Wednesday, August 1, 9:30-10:30, SUB Ballroom A, Keynote Address

Indigenous research scholars navigate a complex landscape that is impacted by their relationships, as well as the roles and responsibilities that come with both their Indigenous and professional positionality. This presentation contemplates the passing of Indigenous knowledge through academic means by implementing self-reflection and story. Concluding that Indigenous research is for Indigenous community, this presentation explores questions such as; what are the “Rules” to using Indigenous methodologies in research? How can we use Indigenous methodologies in research that reflect the nuance of our community identity? How can we reciprocate in the sharing of Indigenous knowledge? Finally, how can we share Indigenous knowledge in a way that maintains cultural protocol? The practical implications of this work include support for Indigenous methodologies and considers the cultural context of the ISFIRE community. Future scholarship connected with this work includes complicating the perceptions of research from 1) academic perspectives and 2) Indigenous community perspectives which can be considered internationally, nationally, or locally.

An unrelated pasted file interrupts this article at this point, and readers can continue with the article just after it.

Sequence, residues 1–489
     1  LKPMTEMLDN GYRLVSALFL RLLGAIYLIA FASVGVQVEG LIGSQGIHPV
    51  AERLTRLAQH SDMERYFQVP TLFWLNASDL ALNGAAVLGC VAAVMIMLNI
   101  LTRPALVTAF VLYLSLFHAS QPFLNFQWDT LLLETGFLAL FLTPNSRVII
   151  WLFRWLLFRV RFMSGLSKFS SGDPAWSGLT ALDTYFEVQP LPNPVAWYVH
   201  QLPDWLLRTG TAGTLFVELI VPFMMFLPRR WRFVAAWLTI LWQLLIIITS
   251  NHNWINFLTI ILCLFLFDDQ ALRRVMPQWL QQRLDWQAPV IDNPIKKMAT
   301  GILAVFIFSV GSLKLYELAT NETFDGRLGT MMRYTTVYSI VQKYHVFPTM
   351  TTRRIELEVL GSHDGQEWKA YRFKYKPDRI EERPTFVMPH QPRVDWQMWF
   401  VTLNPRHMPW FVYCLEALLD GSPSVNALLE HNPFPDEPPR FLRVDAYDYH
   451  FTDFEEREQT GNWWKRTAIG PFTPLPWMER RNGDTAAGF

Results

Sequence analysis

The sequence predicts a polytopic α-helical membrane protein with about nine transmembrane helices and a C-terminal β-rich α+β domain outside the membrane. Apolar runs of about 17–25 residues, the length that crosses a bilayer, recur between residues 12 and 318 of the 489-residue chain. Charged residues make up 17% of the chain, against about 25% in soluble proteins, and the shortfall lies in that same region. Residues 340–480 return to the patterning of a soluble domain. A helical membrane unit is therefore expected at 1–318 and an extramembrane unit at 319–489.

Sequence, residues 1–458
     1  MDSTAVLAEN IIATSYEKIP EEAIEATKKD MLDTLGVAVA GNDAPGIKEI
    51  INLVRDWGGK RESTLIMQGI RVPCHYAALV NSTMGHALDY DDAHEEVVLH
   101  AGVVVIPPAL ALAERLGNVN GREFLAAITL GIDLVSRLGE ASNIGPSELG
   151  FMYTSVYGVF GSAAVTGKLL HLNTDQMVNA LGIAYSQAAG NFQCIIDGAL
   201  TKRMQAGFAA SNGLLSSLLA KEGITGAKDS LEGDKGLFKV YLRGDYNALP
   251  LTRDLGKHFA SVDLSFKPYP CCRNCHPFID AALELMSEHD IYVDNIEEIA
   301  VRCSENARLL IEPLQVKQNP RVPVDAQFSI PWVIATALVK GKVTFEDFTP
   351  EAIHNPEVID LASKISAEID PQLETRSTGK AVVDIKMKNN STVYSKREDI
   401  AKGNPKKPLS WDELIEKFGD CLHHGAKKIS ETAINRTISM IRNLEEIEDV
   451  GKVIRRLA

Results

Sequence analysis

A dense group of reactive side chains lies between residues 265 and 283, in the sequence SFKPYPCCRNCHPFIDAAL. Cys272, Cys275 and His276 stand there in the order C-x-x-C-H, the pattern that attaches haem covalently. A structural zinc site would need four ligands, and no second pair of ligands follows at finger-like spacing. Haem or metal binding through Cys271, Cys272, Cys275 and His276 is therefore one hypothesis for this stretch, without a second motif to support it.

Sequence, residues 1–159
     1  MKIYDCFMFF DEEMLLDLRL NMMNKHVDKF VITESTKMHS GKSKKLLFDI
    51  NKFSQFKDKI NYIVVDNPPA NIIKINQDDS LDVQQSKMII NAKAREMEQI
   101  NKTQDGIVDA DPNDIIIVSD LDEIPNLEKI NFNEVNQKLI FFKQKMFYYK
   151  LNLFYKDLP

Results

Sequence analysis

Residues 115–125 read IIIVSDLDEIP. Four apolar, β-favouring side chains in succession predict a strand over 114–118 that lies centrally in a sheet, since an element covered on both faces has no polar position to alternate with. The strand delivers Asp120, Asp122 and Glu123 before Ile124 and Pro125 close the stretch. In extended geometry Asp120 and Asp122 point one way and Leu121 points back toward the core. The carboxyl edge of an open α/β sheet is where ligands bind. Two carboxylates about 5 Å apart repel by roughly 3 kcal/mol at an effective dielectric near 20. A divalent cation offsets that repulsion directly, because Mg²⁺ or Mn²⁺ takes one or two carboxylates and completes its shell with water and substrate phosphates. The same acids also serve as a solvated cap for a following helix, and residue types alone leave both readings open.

Bio – Sweeney Windchief, a Nakoda member of the Fort Peck Tribes in northern Montana, serves as an Assistant Professor of Adult and Higher Education at Montana State University. His research interests include higher education specifically under the umbrella of Indigenous intellectualism. Sweeney is currently a Co-PI on an NSF sponsored AGEP-T Grant entitled: Pacific Northwest Circles of Success in Mentoring Of Students (PNW-COSMOS) and a grant for improving the pathways for Rural and American Indian Students Entering Computer Science Via Storytelling. His teaching privileges include critical race theory, Indigenous methodologies in research, law and policy in higher education and institutional research. His outreach and community engagement activities include; MSU’s American Indian Student Center Executive Committee, the College Horizons advisory council, and a member of the AERA Indigenous Peoples of the Americas (IPA) SIG awards committee. He and his wife Sara have two sons who help keep things in perspective.